Time was that being Poet Laureate was a job for life - not anymore, as the job is up for grabs again after Andrew Motion's term of office. It seems that both Carol Ann Duffy and Simon Armitage are front runners: and it's a sure bet that neither of them will opt for the imperial bombast that was once obligatory, in the days of Tennyson and the like. (Here's an example of Tennyson at his worst: 'Hail, sea-king's daughter from over the sea! Alexandra!' - and no, I haven't checked the accuracy of this because elder son is up in the study doing a practice Maths paper and I don't want to disturb him.)
Ironically, I've just been analyzing poems from both Armitage and Duffy because my son had his GCSE English Literature paper yesterday (went better than I'd dreaded, thanks) - and I'd be quite happy to see either of these get the post. If you haven't read any of the poems in Duffy's Mean Time or The World's Wife - do. Her poem, Prayer, is one of my favourites (and yes, I know, I know I haven't been doing anything with PoemRelish, the other blog I set up, but I will, probably when the academic year is done and dusted and literary analysis is less of a busman's holiday). Simon Armitage's poetic translation of the medieval Sir Gawain and the Green Knight is superb.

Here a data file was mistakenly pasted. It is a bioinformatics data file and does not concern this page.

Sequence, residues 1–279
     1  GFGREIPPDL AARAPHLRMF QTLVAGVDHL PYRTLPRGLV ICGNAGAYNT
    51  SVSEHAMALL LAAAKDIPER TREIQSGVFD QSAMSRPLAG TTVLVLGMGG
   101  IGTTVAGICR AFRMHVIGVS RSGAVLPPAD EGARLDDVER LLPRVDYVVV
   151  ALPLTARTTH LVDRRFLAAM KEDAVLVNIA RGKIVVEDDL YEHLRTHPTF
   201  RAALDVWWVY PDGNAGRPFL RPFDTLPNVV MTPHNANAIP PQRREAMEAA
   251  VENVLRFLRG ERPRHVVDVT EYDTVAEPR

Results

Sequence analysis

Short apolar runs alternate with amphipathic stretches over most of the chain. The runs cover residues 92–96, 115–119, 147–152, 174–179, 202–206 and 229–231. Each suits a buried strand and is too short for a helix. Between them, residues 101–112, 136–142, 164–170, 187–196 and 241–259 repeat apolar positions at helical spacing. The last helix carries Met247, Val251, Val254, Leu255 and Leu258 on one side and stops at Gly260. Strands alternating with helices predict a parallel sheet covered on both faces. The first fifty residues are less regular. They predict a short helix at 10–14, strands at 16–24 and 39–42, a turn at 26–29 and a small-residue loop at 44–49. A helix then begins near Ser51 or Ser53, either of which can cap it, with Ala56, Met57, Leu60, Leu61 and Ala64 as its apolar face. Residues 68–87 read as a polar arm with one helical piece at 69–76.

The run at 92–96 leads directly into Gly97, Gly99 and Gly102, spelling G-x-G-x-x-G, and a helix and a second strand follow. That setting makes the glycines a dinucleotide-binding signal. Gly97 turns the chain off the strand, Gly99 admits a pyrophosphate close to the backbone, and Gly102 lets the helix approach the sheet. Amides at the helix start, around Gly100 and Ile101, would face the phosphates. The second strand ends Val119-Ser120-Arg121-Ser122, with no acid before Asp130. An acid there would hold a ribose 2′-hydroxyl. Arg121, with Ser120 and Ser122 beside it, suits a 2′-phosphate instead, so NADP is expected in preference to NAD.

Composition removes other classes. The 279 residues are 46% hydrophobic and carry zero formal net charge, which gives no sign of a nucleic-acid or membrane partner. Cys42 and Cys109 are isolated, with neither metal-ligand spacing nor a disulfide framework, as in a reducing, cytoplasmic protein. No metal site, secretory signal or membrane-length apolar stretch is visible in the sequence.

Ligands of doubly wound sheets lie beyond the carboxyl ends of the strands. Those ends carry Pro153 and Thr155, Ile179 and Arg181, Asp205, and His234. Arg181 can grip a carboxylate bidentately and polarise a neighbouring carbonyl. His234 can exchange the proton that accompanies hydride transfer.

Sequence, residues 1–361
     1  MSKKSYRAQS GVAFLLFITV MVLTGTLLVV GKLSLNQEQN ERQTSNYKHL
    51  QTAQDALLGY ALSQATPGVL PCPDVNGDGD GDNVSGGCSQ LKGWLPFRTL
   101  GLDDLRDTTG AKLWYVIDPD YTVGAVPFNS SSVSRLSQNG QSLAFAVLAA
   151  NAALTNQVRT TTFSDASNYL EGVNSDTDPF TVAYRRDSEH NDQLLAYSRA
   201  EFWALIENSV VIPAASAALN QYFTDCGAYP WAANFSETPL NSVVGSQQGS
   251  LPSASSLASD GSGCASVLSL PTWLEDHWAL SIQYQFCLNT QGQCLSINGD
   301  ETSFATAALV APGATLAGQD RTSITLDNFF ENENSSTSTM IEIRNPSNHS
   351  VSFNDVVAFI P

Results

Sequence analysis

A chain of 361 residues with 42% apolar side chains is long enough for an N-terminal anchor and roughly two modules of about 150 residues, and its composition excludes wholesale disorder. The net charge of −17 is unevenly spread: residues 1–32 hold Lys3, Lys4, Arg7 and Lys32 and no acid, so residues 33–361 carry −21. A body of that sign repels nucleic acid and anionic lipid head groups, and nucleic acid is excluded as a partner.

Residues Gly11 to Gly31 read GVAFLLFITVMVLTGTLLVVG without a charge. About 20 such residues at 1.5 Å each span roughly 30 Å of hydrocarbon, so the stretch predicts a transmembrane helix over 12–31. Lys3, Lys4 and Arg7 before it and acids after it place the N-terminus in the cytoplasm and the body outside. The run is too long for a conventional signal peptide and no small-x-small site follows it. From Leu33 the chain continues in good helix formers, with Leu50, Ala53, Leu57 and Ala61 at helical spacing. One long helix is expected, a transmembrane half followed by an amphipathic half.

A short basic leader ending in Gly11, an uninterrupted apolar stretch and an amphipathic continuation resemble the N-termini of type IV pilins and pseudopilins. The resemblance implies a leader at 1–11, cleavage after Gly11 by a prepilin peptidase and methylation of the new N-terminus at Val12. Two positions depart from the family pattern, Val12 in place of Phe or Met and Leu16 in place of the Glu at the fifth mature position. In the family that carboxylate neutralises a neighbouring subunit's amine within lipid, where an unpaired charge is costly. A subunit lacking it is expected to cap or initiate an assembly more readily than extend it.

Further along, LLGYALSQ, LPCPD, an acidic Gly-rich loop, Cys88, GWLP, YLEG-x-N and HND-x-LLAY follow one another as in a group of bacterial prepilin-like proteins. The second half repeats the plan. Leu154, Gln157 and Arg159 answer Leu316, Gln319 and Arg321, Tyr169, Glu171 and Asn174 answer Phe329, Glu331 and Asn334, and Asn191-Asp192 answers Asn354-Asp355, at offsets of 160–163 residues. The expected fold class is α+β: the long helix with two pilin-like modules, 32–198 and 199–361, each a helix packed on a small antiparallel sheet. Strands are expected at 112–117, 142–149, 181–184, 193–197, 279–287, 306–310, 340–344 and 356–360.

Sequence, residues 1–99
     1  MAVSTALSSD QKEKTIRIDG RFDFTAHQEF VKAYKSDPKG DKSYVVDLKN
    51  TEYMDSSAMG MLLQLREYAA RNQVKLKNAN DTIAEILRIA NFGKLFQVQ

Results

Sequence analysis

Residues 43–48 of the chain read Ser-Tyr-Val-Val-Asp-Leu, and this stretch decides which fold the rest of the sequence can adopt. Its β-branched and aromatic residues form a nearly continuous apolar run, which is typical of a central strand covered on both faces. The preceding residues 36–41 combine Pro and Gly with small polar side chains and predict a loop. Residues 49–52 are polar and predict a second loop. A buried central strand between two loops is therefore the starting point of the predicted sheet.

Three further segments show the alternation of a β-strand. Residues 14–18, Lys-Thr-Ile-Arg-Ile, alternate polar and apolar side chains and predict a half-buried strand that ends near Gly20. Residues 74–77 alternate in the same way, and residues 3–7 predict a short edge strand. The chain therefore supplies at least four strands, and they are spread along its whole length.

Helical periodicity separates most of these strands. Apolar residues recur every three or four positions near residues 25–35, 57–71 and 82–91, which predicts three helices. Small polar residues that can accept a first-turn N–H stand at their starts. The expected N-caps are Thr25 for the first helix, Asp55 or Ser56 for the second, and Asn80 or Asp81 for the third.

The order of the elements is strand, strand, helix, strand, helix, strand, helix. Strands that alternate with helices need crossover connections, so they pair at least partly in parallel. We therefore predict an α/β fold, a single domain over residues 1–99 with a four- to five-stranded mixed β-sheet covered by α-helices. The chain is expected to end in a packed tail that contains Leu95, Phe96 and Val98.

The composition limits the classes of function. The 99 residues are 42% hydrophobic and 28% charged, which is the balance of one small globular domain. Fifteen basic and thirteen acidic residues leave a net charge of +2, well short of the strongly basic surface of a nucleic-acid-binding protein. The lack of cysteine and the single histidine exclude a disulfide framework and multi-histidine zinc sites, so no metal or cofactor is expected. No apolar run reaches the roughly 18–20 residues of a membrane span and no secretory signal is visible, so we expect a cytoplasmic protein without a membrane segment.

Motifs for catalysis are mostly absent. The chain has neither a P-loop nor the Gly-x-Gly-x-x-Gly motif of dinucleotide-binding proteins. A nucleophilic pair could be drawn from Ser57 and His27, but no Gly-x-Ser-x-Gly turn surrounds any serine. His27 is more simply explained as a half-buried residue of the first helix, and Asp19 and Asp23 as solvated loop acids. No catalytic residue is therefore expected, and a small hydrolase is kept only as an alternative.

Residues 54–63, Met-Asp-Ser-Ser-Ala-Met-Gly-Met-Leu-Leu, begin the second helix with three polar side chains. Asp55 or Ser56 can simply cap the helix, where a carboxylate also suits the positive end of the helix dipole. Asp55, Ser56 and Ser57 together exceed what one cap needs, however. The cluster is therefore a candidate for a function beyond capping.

I wasn't aware, by the way, before now, that the Laureateship pays less than £20,000 p.a. I wasn't aware it paid anything at all - er, can I apply?